British prosecutors, on February 1, 2013, declined to file charges against those who were involved in the prank call carried out by an Australian radio show. The call had targeted Kate Middleton, who was in hospital at the time and was followed by one of the nurses committing suicide.
The prosecutors decided not to file a case just days after it was announced that the radio show ‘Hot 30 Countdown’ has been taken off air. After the incident, the network expressed deep regret for the nurse’s suicide. Jacintha Saldanha had routed a call from the DJs of the show to the Royal ward, following which, the anchors spoke about some sensitive topics in relation to Kate Middleton’s health condition.
Malcom McHaffie, the deputy head of Special Crime at the Crown Prosecution Service said in an emailed statement, “Having carefully reviewed the evidence currently available, we have concluded that there is no evidence to support a charge of manslaughter”. The head also said that there is some evidence enough for further investigations, but it does not lie in the field of public interest.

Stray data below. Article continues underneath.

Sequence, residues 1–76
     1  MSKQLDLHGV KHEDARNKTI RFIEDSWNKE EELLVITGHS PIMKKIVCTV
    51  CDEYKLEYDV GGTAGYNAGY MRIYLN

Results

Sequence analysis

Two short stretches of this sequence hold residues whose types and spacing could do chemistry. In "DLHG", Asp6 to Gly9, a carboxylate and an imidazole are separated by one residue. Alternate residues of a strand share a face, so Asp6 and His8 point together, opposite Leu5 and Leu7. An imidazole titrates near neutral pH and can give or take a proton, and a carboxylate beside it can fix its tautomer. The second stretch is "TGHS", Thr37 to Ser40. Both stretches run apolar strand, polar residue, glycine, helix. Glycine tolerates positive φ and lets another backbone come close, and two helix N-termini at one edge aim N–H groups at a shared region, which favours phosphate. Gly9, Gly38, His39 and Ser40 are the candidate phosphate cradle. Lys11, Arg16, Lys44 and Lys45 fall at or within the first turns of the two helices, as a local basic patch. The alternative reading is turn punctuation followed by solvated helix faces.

McHaffie also said that the telephone call was a harmless prank, but the consequences in this case were very sad. In the month of December 2012, the two DJs had impersonated Queen Elizabeth and Prince Charles and called up the King Edward VII Hospital to gain information about the condition of the Duchess of Cambridge.